Run, Hide, Fight: CSUEB Active Shooter Response Training

Catherine Garcia, CONTRIBUTOR

As East Bay residents continue to recover from the recent mass shooting in Half Moon Bay on Jan. 23, 2023, Gun Violence Archive reports there has been 136 mass shootings in the United States within 2023 alone. 
In response to the threat of mass shootings, the California State University East Bay Police Department (UPD) informed faculty and staff of a new Active Shooter Response Training program. 
The three main steps in the Active Shooter Reaction Training program are “Run, Hide, and Fight.” In the case of an active shooter, as a first course of action, faculty and staff are encouraged to run, secondly to attempt to hide and build a barrier between you and the shooter. Once in a secure location, you should call 911 from a place where the assailant cannot hear or locate you.
In the worst case scenario, the third and final option recommended by the UPD is that, if you are unable to flee or hide, the only option left is to fight.
It is imperative that you employ all means necessary to protect yourself in this situation, hoping to catch the assailant off guard.
“The CSU Police Department continually trains for emergencies and are prepared to immediately respond and assist in an emergency,” stated UPD Chief Mark Flores.
Flores expressed what he believes is a more long term solution to the threat; “Lawmakers need to work with law enforcement to create gun control and mental health resources to reduce these senseless incidents and provide a safer learning environment for our student population and general public.”
Chief Flores also suggested students, faculty, and staff familiarize themselves with the campus and their surroundings. He concluded by encouraging everyone to participate in a buddy system where they can watch out for each other and let others know where they are in case of an emergency.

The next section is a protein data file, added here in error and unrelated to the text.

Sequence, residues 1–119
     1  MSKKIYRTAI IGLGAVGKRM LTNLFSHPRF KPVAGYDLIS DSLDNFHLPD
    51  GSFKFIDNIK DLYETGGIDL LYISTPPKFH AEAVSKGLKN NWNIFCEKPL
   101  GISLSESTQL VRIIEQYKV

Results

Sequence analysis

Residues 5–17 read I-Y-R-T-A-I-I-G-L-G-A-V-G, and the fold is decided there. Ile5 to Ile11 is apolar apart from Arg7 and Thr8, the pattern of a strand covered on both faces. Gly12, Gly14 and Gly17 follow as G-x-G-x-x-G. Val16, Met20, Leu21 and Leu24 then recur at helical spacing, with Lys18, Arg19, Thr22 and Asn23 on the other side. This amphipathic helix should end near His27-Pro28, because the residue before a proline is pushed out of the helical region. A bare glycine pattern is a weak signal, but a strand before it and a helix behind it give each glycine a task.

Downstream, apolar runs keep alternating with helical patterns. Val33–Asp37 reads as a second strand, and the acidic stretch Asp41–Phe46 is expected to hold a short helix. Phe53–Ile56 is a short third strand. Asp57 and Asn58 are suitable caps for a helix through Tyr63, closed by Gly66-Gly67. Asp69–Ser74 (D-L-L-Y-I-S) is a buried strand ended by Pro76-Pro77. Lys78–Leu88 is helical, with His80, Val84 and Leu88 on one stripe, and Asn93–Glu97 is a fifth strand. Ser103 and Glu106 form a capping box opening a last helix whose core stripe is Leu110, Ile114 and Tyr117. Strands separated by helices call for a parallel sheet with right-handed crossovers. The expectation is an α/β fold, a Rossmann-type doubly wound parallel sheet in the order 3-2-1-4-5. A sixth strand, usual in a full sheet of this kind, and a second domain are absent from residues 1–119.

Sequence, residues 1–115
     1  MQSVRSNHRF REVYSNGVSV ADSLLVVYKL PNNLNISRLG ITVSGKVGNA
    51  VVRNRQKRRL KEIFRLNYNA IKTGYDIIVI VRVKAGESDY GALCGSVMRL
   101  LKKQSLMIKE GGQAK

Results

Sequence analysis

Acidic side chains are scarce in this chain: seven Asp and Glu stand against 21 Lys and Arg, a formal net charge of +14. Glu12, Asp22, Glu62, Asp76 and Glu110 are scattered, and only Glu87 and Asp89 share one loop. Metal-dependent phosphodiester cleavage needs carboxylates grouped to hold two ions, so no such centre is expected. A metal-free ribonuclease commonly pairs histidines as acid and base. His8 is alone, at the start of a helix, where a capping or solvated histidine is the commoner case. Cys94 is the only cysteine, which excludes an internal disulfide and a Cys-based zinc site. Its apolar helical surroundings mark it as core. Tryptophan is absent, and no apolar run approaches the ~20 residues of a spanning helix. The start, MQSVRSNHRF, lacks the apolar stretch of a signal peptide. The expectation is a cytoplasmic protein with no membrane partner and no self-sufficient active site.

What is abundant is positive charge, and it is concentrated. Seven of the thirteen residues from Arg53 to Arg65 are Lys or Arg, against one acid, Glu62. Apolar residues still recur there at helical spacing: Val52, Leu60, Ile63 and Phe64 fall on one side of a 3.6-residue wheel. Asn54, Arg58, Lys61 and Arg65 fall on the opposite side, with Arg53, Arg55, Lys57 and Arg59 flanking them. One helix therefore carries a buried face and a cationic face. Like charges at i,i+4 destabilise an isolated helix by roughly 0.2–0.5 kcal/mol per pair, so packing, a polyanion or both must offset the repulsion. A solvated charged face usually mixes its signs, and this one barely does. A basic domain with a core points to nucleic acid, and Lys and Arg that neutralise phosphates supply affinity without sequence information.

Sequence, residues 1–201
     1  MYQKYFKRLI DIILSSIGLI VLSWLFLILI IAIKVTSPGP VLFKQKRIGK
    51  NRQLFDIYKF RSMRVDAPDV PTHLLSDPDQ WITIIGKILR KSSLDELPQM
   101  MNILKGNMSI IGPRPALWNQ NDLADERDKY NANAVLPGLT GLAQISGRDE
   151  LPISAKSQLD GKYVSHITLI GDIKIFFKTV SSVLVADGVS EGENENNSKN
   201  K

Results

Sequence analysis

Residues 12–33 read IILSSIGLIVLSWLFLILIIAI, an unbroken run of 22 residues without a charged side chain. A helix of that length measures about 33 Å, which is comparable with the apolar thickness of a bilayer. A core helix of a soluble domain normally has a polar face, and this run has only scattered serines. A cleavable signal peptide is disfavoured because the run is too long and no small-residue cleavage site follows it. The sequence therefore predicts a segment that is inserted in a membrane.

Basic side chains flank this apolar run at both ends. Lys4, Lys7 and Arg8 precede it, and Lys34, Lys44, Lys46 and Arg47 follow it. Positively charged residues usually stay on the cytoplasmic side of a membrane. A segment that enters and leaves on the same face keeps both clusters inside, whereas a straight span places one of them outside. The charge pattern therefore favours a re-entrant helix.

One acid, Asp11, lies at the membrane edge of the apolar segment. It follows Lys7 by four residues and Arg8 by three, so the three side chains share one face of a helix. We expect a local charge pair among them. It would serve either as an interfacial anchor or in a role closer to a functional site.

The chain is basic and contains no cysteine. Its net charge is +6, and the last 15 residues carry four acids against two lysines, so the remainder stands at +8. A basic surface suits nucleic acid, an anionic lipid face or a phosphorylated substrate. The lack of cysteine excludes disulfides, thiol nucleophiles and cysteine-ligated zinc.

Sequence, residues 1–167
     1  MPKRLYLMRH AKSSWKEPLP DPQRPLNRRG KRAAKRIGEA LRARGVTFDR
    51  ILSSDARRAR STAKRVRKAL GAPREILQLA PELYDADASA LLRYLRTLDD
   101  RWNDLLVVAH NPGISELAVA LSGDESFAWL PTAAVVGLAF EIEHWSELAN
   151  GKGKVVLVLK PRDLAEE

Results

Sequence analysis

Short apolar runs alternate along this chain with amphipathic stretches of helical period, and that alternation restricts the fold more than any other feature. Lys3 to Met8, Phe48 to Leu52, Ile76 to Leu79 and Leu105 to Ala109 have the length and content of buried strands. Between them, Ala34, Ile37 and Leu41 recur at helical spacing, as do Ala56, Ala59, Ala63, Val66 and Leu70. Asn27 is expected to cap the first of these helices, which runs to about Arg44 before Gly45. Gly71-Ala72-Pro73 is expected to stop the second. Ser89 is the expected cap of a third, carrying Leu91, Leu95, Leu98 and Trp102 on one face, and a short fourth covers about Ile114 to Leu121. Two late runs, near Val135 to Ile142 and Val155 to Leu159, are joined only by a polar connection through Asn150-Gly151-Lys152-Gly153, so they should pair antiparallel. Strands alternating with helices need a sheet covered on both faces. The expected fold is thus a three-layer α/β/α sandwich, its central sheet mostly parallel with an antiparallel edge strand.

It is important that everyone understands that the police’s priority is to stop the attacker. 
Therefore, approach the police carefully with raised arms and inform them that you are not armed because they will most likely not know who the attacker is and will need to take precautions. 
CSUEB student Mac Reed shares her thoughts on this Active Shooter Response Training. “It is very apparent that there is only so much that can be done in those situations and of course it is even more unfortunate that we have to worry about knowing what to do in the first place.
One of the objects they suggest defending yourself with is a stapler, that’s interesting. Of course it is important to prioritize our safety, but I don’t want to have to worry about that. I want to be able to feel safe while getting an education and so does everyone else who goes to school. Everyone is aware of the serious gun safety issues in this country and we are very desensitized to it.”
Lastly Chief Flores concluded;
“I believe everyone has a right to feel comfortable and safe on campus. The Cal State University Police Department is prepared to keep the entire campus community safe. We share the same joy and pride of being part of CSUEB Community and work hard to be a friendly campus partner.”
For emergencies, call 9-1-1- to report an incident.
For non-emergencies, call 510-885-3791 to speak with a dispatcher or request an officer for assistance.
If you or someone you know are looking for counseling services. Schedule an appointment at, call (510) 885-3735, or email [email protected]
For more information about the Active Shooter Response Training visit